Australian Cardinal George Pell, Prefect of the Secretariat for the Economy of the Holy See, attends a press conference on March 31, 2014 at the Vatican (AFP Photo/Andreas Solaro)
Pope Francis' finance chief Wednesday said he was ready to give evidence at a child abuse inquiry in his native Australia, as the nation's most notorious pedophile priest insisted the pair had little to do with each other.
Cardinal George Pell — formerly the top Catholic cleric in Australia and now a senior Vatican official — was accused by a victim during the hearings last week of trying to bribe him to keep quiet.
He was also accused of ignoring complaints and being complicit in moving padophile priest Gerald Ridsdale, who appeared at the hearing via videolink from jail, to a different parish.
Pell last week strongly denied the claims in a statement, saying he was horrified by survivors' accounts of what they suffered at the hands of Ridsdale, whose offences spanned more than three decades from the 1950s to the late 1980s.
During that time Ridsdale abused at least 50 boys as he was moved from parish to parish across Victoria state. At one point he and Pell lived in the same presbytery.
One of the abused was his nephew David Ridsdale, who claimed he confided in family friend Pell about the assaults in 1993, alleging he was asked what it would cost to buy his silence.
Victims have demanded Pell, who was appointed by Pope Francis in February 2014 to make the Vatican's finances more transparent, return to give evidence in person and he said he was willing to do so.
"Without wanting to pre-empt the royal commission in any way — you can't just invite yourself to give evidence," Pell, who is not accused of child abuse, said in a statement, adding that he wanted to quash speculation he was hiding anything.
"I want to make it absolutely clear that I am willing to give evidence should the commission request this, be it by statement, appearance by video link, or by attending personally."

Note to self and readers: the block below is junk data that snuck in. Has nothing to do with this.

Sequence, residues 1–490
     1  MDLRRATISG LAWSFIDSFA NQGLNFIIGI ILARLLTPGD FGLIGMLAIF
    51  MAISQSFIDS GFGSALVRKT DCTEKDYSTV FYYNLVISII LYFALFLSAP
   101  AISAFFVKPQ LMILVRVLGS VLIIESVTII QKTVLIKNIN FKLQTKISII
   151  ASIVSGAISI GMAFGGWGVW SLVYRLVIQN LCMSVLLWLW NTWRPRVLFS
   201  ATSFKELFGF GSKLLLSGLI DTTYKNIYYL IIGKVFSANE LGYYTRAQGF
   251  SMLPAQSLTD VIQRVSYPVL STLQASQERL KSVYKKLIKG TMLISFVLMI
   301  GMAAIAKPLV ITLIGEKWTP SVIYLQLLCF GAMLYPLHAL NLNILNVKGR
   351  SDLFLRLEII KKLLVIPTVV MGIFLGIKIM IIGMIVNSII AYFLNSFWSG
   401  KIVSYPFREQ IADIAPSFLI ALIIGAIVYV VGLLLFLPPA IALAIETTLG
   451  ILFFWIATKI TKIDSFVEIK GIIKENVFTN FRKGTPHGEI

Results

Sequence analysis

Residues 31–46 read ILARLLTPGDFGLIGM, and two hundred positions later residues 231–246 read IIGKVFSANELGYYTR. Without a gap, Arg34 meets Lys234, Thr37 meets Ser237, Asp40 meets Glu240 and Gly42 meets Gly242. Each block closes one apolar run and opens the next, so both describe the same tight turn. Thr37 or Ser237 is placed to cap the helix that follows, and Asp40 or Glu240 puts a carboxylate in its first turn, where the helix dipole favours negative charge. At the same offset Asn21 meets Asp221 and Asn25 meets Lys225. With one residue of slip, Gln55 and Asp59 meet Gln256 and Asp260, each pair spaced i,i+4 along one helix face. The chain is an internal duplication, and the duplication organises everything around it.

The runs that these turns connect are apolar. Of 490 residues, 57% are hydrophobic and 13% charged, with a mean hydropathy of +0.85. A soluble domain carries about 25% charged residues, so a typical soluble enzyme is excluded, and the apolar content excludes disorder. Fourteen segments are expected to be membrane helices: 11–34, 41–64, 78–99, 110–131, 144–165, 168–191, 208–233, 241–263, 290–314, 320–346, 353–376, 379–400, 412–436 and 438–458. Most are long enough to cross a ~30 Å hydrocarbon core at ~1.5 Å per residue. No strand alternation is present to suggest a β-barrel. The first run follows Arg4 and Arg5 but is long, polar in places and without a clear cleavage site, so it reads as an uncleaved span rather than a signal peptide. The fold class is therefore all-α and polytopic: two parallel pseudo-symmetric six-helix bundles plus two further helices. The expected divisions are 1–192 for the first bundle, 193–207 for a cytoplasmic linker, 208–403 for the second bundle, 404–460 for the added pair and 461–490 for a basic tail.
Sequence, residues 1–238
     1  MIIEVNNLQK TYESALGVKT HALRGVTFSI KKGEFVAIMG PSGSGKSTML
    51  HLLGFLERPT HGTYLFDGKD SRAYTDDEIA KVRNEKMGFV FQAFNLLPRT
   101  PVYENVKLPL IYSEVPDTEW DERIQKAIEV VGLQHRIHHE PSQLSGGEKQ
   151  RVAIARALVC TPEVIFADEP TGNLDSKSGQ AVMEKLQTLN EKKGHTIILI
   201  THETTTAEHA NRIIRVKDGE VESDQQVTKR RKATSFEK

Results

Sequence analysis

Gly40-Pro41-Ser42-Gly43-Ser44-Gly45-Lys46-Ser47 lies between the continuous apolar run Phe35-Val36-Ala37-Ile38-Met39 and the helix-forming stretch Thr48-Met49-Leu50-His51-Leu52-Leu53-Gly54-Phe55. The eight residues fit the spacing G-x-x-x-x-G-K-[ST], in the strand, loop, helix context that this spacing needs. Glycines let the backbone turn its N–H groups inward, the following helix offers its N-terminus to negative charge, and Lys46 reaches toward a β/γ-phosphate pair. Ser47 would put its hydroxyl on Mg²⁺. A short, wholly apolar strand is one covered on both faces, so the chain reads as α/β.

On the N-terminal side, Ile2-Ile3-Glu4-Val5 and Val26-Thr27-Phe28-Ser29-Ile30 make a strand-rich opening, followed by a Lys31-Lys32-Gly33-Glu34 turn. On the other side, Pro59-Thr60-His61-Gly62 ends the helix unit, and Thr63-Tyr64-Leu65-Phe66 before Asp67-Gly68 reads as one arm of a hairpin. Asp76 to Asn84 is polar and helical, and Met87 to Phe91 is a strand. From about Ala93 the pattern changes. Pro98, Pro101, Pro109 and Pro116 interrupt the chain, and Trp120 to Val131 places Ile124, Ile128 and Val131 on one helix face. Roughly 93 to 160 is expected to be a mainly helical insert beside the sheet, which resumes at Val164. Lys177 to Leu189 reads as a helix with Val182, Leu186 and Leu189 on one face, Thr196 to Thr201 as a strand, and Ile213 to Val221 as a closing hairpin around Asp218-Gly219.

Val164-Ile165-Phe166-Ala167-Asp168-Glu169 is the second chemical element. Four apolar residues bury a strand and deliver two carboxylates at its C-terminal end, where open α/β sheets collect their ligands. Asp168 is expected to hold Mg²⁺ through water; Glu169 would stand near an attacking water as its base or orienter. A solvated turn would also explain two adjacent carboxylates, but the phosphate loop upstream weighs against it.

The Royal Commission into Institutional Responses to Child Sexual Abuse was called after a decade of pressure to investigate wide-ranging allegations of pedophilia in Australia.
It has heard harrowing allegations of child abuse involving places of worship, orphanages, community groups and schools. Pell previously gave evidence in March 2014.
The hearings this week have focused on shocking abuse in the 1970s in the Victorian town of Ballarat, how Ridsdale was able to keep offending there and elsewhere and how much the Catholic Church knew.
Now 81 and frail, Ridsdale said he had himself been abused as a boy and that he had trouble controlling his sexual urges from a young age.
He said he could not recall much about his relationship with the then Father Pell in Ballarat in the 1970s.
"I never had much to do with him," he said.
In his statement Thursday Pell, who accompanied Ridsdale to court in 1993 when he admitted widespread abuse, said he was "deeply saddened by the way church authorities have failed in responding to these crimes".
Ridsdale added that he routinely went to confession over the decades he was a priest but claimed not to have told anyone about the abuse he was committing.
"I didn't confess the sexual offending against children," he said.
"Looking back on it, I think that the overriding fear would have been losing priesthood."
Ridsdale, who has been convicted in four separate court cases of abusing more than 50 children and will be eligible for parole in 2019, added that he could not remember committing many of the offences and had forgotten the names of some of his earliest victims. AFP